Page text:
Baffling decisions could cost United the big prizes



In the aftermath of another crushing defeat for a weathered United side yesterday, an inquisition has begun into exactly what went wrong for Ferguson’s team over the past week. Defeat in Munich was by no means a ‘European result’, with an away goal the crucial, but it proved a demoralising experience and tactically a complete shambles.

With Ji-Sung Park deployed out wide, United was unable to force any pressure on a dominant Mark Van Bommel on Tuesday night. The stalwarts, Gary Neville and Paul Scholes, very much looked as if their ageing years have caught up and remained a liability throughout the game.

The golden oldies aren’t the only ones at fault. Michael Carrick seems to lack the big game impetus and Darren Fletcher appeared overwhelmed by the task in the Allianz Arena and was largely a passenger.

Even the normally reliable Patrice Evra got caught napping by appalling moment of complacency in the final minute, a characteristic that has sadly crept into his game.

Four days on and Chelsea’s visit to Old Trafford brought much of the same. United simply did not do enough and the visitors played through Sir Alex Ferguson’s side with little resistance.

The expected ‘hairdryer treatment’ at half-time spurred on United, with the players finally realising they were in it for more than their place in next week’s team sheet.

Despite a much improved second half display it was insufficient to overcome an impressive Chelsea.

Managerial and refereeing decisions played their part. Once again Ferguson selected Paul Scholes to play a holding role, something that the United legend clearly struggles with. The midfielder’s physical presence hardly strikes fear into the opposition, although what he lacks in stature Scholes makes up for in his passing.

However, Scholes struggles with some of the key responsibilities in this role – in particular tackling and working harder off the ball than on it. It’s an expectation that Scholes failed to meet at Old Trafford on Saturday and against Munich last week.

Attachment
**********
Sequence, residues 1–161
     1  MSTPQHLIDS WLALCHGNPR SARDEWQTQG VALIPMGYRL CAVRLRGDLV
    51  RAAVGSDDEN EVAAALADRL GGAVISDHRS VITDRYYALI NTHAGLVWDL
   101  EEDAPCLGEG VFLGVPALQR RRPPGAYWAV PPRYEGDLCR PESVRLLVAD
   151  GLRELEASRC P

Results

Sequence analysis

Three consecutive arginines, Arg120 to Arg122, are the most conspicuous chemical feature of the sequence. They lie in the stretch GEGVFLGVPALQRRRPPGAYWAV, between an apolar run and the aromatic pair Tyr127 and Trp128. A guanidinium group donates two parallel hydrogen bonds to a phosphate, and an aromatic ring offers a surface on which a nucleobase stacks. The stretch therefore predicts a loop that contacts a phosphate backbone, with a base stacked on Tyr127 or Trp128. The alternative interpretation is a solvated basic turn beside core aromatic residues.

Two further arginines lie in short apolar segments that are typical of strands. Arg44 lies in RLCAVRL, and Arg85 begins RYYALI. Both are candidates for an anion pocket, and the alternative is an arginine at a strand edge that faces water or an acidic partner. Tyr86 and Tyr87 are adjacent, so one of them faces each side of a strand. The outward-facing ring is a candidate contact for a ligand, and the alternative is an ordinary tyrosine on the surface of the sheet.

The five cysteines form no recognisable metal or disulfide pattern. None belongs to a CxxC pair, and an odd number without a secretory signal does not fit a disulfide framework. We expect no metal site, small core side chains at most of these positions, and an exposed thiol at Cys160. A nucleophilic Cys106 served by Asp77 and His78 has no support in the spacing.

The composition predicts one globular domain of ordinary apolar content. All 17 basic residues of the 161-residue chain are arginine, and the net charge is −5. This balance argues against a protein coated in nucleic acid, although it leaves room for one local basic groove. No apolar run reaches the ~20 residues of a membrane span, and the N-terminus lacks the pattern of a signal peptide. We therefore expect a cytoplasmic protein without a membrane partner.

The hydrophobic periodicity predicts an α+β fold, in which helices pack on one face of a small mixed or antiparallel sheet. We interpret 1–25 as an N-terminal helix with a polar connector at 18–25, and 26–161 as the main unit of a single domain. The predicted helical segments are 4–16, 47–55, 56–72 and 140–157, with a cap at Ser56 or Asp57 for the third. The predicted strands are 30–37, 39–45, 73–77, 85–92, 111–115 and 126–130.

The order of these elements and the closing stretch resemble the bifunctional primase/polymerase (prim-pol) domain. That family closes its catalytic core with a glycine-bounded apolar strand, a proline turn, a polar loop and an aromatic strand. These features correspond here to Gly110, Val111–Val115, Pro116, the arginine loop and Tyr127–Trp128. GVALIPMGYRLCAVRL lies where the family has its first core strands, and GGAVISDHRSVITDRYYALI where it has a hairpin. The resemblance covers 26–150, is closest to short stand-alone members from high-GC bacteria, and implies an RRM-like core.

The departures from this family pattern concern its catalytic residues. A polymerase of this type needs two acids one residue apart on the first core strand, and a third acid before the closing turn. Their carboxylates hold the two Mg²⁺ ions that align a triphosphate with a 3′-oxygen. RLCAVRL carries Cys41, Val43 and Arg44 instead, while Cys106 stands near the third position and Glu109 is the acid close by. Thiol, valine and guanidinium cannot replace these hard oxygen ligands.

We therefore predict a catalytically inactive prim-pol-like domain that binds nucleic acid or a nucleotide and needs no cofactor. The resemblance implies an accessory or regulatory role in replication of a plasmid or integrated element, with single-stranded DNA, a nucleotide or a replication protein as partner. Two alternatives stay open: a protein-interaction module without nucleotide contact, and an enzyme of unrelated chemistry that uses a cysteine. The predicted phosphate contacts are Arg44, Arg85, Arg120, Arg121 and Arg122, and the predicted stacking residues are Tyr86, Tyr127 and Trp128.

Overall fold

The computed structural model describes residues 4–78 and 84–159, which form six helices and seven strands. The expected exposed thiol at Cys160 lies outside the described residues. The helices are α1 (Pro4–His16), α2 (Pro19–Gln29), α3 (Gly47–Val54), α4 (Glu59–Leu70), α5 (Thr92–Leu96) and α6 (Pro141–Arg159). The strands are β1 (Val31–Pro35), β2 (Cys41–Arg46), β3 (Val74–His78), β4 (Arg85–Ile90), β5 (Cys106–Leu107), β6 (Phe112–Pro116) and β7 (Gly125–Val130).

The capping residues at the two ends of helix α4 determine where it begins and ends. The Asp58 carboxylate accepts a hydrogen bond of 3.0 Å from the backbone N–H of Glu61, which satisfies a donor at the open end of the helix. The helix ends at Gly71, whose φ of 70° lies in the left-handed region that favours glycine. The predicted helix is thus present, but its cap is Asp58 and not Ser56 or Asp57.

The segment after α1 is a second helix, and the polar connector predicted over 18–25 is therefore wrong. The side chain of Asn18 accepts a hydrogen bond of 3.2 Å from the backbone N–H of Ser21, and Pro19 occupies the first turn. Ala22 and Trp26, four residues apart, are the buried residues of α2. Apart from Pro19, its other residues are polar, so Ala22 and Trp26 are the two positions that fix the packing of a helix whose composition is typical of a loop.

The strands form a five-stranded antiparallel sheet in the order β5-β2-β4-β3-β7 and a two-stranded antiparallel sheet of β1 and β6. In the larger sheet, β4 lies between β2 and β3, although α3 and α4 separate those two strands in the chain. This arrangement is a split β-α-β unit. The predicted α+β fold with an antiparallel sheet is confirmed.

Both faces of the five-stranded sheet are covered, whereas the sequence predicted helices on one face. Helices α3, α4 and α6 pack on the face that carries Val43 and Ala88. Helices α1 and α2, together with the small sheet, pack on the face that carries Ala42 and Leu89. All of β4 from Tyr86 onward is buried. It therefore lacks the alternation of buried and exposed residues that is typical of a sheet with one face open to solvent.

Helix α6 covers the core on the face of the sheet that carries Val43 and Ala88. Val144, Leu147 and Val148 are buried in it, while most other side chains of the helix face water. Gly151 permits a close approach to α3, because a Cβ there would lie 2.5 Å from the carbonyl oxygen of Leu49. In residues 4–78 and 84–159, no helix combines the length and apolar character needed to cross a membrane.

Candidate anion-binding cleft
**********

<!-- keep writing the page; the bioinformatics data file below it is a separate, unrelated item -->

Even though United lost to an awful call by the linesman against Chelsea, Ferguson’s side must take responsibility for defeat. Ferguson got some key decisions wrong this week and only he can turn things around for the team.

The return leg at Old Trafford Wednesday against Bayern offers United a wonderful chance to exercise these demons and prove the side’s champion credentials once again.

Fans cannot expect a hesitant performance from either side, with Bayern not revelling in defence this season. United should approach the game planning on outscoring the opposition in an open attacking game. Perhaps an early prediction of 4-2 to the home side is not unfair, although this is of course a biased aspirations.

Something not in doubt is United’s record over the course of a season. No side has ever won the Premier League having lost seven games. That’s a fact even Ferguson cannot deny.

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  • SKW

    I think it’s obvious that Rooney’s form and the confidence this injects has peppered over cracks in this team that are now catching up with it.

    Specifically, we have an exception midfield, but it’s still one without top players in it. That’s good enough for 85 percent of the matches, but against the Bayern’s and Chelsea’s of the world, it can and has been exposed for its lack of quality (not one world class player). After watching Tuesday, I had little confidence we would look better Saturday, and unfortunately, I was right.

    Something, I feel, must also be said by Fergie’s failure to get a striker. Berbatov is clearly not up to the task of being a first choice player and Owen was never going to carry us through us a season. With Rooney down, I feel United will continue to labor for goals, and one has to say, this is down to the manager not bringing in more talent.

  • http://google tommy

    spot on the linesman yest f——- me

  • Real Red

    My lad is not given to much talk, especially during matches.

    But towards end of yesterday’s 1st half he turned to me at mumbled ‘dire dad’.